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Forum Philosophicum

Volume 24, Issue 1, Spring 2019

Thinking with René Girard

Tania Checchi
Pages 127-144

Myth and “il y a”
A Convergent Reading of Rene Girard and Emmanuel Levinas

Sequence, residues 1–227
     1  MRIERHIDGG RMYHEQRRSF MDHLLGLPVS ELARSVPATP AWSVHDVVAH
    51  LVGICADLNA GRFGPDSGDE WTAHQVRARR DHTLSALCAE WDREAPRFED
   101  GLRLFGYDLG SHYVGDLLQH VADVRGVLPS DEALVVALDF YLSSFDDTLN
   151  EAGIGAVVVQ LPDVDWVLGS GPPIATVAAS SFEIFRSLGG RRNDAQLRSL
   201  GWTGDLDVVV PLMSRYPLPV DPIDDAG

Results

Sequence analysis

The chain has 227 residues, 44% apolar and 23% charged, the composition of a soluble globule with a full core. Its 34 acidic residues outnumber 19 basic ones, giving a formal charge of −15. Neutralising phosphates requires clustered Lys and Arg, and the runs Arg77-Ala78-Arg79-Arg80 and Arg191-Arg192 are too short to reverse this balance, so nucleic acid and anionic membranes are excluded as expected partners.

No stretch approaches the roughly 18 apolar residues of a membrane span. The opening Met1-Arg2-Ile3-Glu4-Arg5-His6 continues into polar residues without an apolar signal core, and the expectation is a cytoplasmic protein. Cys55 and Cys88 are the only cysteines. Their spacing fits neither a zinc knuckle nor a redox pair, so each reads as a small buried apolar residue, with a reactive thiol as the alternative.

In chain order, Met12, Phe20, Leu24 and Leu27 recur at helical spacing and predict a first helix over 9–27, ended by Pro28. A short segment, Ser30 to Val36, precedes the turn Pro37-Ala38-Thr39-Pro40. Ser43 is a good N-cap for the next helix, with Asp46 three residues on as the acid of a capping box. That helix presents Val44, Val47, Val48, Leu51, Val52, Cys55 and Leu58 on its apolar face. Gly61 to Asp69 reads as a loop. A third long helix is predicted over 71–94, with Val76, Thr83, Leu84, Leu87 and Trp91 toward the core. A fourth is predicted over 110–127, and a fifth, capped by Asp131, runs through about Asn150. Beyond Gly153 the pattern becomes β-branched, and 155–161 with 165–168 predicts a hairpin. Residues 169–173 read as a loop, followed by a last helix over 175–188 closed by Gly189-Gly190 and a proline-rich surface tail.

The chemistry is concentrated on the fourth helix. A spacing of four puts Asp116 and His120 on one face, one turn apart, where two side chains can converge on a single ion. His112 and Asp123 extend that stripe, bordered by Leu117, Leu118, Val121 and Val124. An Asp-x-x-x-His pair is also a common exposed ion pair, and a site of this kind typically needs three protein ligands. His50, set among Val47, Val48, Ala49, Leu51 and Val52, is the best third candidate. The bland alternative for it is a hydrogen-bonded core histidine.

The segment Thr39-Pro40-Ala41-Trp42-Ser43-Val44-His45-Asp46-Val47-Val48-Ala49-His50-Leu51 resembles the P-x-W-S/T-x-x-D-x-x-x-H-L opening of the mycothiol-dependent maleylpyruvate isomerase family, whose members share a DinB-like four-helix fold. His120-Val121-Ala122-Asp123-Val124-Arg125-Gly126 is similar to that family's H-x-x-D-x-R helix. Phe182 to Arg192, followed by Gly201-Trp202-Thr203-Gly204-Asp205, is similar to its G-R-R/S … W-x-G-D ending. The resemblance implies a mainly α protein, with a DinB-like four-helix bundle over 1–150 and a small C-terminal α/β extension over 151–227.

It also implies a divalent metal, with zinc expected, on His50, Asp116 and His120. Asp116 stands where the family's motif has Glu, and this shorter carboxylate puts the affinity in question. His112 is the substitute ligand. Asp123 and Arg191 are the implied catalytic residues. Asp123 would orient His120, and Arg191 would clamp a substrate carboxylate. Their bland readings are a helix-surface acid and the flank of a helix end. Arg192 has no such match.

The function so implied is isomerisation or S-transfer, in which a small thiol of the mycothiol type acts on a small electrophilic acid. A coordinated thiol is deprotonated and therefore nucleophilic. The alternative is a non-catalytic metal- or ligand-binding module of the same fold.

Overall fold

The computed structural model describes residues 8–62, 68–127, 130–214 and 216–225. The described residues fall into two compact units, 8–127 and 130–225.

In order to disclose possible affinities between the oeuvres of Emmanuel Levinas and René Girard that run deeper than both the apparently opposite quarters in which they deploy their thought—difference and sameness—and their patently shared view—an ethical concern for victims— their analogue account of the mythical dynamics of undifferentiation should be explored. Due to their very similar endeavor—to pinpoint the circumstances in which mythical violence arises—Levinas’s notion of the il y a as a neutral and saturated field of forces and Girard’s description of the final paroxysm of the mimetic crisis can be equated with very instructive results. Furthermore, because both instances are linked to the primeval situation in which the subject as such emerges, these authors’ descriptions reinforce each other and provide us with a critical account of a realm that should be transcended—the domain of the violent sacred in which force becomes the ultimate criteria—lest we run the risk of a total social involution.

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